The New York City Department of Buildings recommends that you do not close until you have obtained a permanent Certificate of Occupancy (CO). However, individual buildings continuously keep receiving Temporary Certificates of Occupancy (TCO) when the old one expires. Buildings, built before 1938, are grandfathered and do not need to have a CO unless there have been changes to the use, egress, or occupancy. Even in this case, the building requires to obtain a Letter of No Objection, which shows it complies.
Purchasing a building without a permanent CO contains specific risks, and you should understand what these entail.
Table of Contents
What is a Certificate of Occupancy?
A building cannot have any occupants until the Department of Buildings issues either a CO or TCO. A CO states a building’s legal use and the type of permitted occupancy. This is required for new construction. An existing building must amend its CO when there is a change in use, exit, or type of occupancy.
There are a host of things a building must pass before a CO is given. This includes construction, plumbing, and electrical inspections, as well as approval for the elevator, the building survey, and making sure there are no open permits or violations. The Department of Buildings will issue a final CO once the work is completed, and it matches the plans. There are many city building codes and zoning requirements, and a CO means the work complies with the law, the proper paperwork has been submitted, and fees have been paid. If there were any violations, these must get resolved before a CO is issued.
You can check a property’s existing or pending CO by using the Buildings Information System website.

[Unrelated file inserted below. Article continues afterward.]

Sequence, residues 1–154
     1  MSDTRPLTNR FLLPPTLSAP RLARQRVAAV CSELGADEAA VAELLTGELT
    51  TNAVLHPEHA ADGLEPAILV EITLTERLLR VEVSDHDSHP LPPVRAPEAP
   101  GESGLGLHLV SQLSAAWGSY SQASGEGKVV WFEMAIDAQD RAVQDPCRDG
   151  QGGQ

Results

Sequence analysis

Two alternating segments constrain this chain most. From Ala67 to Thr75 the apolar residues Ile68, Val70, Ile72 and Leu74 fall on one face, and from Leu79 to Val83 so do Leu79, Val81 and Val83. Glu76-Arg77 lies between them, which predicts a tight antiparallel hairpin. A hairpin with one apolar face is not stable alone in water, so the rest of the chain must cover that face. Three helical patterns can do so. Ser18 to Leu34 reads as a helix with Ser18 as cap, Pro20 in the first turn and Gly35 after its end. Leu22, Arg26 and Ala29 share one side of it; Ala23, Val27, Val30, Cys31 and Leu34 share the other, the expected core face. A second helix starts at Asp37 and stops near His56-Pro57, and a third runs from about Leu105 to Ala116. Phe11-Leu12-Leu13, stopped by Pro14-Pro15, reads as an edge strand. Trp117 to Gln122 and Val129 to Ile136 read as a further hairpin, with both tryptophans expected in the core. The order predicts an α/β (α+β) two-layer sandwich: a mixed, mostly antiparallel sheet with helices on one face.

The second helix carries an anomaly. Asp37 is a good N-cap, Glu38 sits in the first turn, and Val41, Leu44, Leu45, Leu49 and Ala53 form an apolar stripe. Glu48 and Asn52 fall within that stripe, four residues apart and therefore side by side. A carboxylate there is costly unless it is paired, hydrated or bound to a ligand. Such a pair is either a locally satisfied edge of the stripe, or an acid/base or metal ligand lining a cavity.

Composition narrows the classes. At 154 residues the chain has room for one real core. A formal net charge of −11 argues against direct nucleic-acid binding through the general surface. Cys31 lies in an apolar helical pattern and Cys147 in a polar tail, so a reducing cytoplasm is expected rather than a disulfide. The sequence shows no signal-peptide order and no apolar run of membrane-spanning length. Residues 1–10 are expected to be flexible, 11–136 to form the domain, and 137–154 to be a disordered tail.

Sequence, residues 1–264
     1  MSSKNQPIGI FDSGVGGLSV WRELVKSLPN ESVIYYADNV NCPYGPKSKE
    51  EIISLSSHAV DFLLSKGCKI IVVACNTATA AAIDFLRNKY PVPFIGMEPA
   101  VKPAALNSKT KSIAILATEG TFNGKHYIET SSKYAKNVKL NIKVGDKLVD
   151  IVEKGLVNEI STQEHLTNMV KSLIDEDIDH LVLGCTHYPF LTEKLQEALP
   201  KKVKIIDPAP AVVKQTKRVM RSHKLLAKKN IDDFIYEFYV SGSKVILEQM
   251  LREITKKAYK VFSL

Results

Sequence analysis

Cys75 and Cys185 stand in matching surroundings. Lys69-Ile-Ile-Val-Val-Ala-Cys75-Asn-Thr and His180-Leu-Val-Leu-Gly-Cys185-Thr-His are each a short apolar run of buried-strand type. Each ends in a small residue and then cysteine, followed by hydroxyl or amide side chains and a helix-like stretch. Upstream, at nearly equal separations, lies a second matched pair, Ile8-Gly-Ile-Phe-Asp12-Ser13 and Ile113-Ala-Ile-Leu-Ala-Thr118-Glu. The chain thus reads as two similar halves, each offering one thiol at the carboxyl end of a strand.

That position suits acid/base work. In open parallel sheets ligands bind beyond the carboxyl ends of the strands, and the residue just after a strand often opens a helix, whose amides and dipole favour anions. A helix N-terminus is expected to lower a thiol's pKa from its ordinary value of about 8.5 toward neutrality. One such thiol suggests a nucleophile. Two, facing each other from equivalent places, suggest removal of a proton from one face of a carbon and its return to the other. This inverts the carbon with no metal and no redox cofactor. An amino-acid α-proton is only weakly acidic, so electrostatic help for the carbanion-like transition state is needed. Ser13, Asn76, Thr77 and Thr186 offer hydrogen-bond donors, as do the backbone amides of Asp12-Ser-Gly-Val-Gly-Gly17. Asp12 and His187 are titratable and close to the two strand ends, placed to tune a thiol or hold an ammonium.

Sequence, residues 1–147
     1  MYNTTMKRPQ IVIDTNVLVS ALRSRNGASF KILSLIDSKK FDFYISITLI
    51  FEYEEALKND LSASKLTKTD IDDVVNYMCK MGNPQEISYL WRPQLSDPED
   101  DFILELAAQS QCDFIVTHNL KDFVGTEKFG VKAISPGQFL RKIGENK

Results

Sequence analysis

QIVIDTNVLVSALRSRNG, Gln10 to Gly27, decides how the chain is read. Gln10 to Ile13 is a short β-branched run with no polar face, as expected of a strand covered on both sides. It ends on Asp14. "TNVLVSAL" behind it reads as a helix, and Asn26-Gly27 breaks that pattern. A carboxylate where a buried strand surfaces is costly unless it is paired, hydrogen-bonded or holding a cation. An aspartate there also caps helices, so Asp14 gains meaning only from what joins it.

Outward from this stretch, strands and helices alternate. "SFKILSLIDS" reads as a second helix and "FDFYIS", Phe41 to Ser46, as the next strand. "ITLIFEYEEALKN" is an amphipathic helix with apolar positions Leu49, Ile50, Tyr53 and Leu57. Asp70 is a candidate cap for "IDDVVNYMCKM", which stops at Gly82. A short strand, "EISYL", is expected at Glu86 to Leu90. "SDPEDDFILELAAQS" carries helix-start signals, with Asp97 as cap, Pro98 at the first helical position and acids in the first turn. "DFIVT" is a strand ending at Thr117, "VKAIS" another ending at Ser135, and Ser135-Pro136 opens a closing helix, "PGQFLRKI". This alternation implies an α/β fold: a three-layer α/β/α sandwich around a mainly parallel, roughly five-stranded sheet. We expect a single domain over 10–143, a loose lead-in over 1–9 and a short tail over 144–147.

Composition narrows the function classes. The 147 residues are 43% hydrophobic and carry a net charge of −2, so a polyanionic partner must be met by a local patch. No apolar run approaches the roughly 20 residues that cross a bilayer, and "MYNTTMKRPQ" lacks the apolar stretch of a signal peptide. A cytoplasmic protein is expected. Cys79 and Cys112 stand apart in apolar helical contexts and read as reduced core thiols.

What is Temporary Certificate of Occupancy?
If the Department of Buildings determines the building is safe, but it feels some issues need addressing, the department issues a temporary certificate of occupancy. These expire 90 days after issuance but can get renewed.
Why Caution is Warranted
While the building is deemed safe if a TCO was granted, you should still approach the situation cautiously. New York City “strongly recommends” that you negotiate your closing based on the building receiving a final CO. The city further urges you to ask an engineer or architect to find out what work remains. This also applies to co-ops and condos.
In a new building, the sponsor may try to have you close on your unit quickly. Legally, the sponsor can close the deal within 30 days after he/she receives the TCO, and the state needs to declare the offering plan effective.
Once you buy the unit, you are now responsible for obtaining the final CO. If you are anxious to move in; you can protect yourself by putting in the contract that the developer is responsible for finishing the work and obtaining the CO. In an existing unit, you can ask the seller to put money aside in an escrow fund to cover the expenses.
If the TCO expires and it is not renewed, it is complicated to obtain homeowner’s insurance. You will have problems if you want to refinance your mortgage or when it is time to sell.